Chemical elements
  Nickel
    History
    Occurrence
    Isotopes
    Energy
    Production
      Extraction
      Ore Roasting
      Nickel Ore Smelting
      Nickel Enriching
      Crude nickel
      Arsenical Ores
      Garnierite
      Nickel from Metallurgical Products
      Wet Extraction
      Electrolytic Extraction
      Impurities
      Purification
    Preparation
    Application
    Catalyst
    Physical Properties
    Compounds
    PDB 1a5n-1g2a
    PDB 1g3v-1mn0
    PDB 1mro-1s9b
    PDB 1scr-1xmk
    PDB 1xu1-2cg5
    PDB 2cqz-2jih
    PDB 2jk8-2v4b
    PDB 2vbq-3c2q
    PDB 3c6c-3h85
    PDB 3hdp-3kvb
    PDB 3l1m-3o00
    PDB 3o01-4ubp
    PDB 8icl-9ant

The enriching of the nickel crude matte






In former times, in some localities, the crude mattes had so low a proportion of copper and nickel that the matte was subjected to a preliminary concentration before being refined. This was done by roasting the crude matte in heaps, stalls, shaft furnaces, reverberatory furnaces, or muffles, and again smelting it with a suitable flux - quartz, glass, or slag - in shaft or reverberatory furnaces. This treatment removes a relatively large proportion of iron from the matte. The subject was discussed by E. F. Kern and H. W. Walter, and H. W. Walter. C. Schnabel thus described the chemical changes involved in the smelting of the roasted matte:

Ferric oxide is reduced to ferrous oxide by the undecomposed sulphide of iron present; this passes into the slag, and sulphur dioxide is formed; a further quantity of sulphide of iron is changed to ferrous oxide by the nickel and copper oxides, and also slagged, the oxides of these metals meanwhile becoming sulphides; further copper oxide and undecomposed copper sulphide give metallic copper and sulphur dioxide. This copper is reconverted into sulphide at the expense of some iron sulphide. The iron thus separated is partly taken up by the matte, partly acts upon a corresponding amount of ferric oxide, giving more ferrous oxide to be slagged. There is no action between nickel oxide and sulphide. The various metallic sulphides unite to form the concentrated matte.

D. H. Browne made observations on this subject. Under modern conditions this preliminary concentration of the crude matte is unnecessary, and they can be refined directly; but, in any case, the coarse matte can be concentrated or refined by an oxidizing roasting followed by a reducing smelting as just indicated for the treatment of poor mattes, or the crude matte is enriched as in the case of copper by melting it in a cupola and running it into a ladle whence it is charged into a bessemer converter, or the molten matte may be run into ladles directly from the blast-furnace, and thence on to the converter. The converter is made like those used in purifying copper, and they have a quartz lining. During the blow, which may occupy 25 to 90 minutes dependent on the proportion of iron, quartz sand is added to slag the iron, and to prevent undue corrosion of the lining. When the proportion of iron has been reduced to about 0-5 per cent., the blast is stopped, and the matte is poured. The refining of the matte by a blast of iron was suggested by T. Gibb and C. Gelstharp in 1870. Attempts to carry the refining process further have not been successful because up to a certain stage the nickel is more easily oxidized than sulphur, and because the heat liberated by the oxidation of the sulphur is not sufficient to keep the matte in a fluid condition.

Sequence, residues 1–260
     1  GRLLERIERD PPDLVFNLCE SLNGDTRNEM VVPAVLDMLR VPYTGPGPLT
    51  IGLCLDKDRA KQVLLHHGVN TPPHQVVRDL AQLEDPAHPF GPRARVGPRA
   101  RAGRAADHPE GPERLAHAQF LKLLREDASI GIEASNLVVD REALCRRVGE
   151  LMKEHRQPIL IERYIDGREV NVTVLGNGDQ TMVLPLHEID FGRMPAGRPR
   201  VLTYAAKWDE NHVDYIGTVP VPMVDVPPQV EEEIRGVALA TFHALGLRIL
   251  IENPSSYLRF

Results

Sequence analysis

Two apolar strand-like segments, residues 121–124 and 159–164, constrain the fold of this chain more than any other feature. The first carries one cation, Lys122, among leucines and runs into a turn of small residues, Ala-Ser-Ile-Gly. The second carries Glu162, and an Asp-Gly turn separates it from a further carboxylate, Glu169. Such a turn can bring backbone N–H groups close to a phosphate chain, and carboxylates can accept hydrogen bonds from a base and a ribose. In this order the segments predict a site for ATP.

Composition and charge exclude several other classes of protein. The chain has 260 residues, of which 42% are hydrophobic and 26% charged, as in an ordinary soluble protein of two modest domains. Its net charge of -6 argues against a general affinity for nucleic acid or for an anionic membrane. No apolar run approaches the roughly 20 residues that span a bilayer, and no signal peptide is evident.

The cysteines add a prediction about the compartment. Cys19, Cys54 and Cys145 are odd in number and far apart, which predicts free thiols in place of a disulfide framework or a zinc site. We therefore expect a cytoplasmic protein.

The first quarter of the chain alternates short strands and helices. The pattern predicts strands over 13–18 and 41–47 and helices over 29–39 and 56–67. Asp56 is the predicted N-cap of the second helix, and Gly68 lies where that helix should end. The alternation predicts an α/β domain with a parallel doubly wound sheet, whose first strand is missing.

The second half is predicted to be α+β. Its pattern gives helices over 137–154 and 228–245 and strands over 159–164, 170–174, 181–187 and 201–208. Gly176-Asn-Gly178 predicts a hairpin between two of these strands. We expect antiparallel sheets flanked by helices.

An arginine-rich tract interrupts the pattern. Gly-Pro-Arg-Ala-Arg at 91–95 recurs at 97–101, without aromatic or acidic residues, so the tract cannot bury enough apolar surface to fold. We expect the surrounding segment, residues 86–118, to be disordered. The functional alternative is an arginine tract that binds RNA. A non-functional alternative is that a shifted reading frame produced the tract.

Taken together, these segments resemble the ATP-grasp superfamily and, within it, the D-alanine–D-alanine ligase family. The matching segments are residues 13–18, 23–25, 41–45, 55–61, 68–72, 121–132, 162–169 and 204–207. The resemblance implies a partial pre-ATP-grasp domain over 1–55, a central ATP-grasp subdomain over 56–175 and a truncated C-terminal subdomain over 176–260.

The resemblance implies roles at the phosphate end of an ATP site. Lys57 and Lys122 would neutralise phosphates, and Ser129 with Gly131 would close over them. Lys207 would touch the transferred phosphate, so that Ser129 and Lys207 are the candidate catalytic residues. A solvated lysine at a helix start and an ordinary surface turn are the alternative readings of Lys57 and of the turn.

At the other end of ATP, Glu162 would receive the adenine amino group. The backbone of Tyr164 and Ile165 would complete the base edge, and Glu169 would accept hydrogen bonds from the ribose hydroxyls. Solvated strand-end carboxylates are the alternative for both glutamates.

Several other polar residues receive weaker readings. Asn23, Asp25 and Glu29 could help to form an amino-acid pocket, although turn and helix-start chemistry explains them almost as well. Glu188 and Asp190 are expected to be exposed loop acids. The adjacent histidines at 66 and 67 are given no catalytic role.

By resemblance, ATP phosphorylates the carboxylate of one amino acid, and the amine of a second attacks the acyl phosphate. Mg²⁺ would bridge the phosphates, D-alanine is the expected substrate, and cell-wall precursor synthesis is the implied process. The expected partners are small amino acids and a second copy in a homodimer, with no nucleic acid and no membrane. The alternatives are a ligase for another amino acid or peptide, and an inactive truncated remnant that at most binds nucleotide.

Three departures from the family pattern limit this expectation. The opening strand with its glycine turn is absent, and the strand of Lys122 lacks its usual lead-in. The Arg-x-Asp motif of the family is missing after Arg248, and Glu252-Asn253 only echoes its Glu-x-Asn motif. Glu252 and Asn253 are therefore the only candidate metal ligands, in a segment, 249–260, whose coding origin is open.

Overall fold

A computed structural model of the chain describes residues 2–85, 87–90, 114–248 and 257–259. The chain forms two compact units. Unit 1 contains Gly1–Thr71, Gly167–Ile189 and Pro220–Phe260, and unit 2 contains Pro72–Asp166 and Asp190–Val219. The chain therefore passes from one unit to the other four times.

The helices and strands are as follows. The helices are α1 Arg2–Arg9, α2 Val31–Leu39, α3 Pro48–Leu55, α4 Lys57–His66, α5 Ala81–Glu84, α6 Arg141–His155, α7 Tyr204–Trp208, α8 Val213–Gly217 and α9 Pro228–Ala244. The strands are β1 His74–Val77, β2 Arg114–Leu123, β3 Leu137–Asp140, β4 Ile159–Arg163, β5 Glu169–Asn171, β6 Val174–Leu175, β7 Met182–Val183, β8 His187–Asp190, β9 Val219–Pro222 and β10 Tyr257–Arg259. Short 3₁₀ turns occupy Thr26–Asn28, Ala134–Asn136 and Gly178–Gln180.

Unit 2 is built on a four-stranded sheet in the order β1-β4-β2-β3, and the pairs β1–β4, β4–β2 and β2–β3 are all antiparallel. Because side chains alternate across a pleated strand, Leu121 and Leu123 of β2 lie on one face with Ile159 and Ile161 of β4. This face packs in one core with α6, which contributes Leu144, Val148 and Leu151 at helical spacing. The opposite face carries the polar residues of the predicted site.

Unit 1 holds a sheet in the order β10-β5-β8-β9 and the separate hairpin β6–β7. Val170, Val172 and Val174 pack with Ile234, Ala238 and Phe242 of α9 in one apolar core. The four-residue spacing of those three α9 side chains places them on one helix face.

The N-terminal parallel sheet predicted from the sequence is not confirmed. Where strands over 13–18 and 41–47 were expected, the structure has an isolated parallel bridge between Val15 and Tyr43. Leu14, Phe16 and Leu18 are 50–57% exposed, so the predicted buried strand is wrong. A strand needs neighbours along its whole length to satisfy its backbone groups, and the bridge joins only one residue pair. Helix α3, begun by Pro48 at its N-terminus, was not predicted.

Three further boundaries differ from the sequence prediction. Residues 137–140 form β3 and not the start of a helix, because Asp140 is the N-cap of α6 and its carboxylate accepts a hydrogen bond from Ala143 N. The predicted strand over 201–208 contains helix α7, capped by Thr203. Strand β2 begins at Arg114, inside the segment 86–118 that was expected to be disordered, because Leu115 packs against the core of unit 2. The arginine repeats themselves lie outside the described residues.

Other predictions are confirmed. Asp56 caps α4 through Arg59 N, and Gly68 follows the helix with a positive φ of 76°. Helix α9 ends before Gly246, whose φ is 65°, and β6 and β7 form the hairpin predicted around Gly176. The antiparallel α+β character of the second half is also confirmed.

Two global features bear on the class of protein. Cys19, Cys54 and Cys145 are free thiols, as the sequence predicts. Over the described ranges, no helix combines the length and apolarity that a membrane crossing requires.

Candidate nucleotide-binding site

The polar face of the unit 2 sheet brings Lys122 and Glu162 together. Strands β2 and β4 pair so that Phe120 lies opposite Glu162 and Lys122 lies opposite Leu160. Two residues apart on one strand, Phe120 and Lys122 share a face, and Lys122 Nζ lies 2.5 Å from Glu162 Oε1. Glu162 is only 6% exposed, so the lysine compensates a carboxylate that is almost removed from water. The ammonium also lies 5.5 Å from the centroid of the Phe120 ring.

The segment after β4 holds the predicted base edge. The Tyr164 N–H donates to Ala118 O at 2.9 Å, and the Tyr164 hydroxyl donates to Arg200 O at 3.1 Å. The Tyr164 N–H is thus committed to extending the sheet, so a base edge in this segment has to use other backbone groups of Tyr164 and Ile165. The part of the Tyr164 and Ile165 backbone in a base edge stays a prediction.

The proportion of sulphur is much less than is needed to form sulphides with the metals present. The copper is probably present as cuprous sulphide, and the nickel and iron partly as sulphides and partly as solutions of the metals in the mixed sulphides. The refining process at Port Colborne was described by R. L. Peek, and there are several modifications - e.g., by J. Savelsberg.


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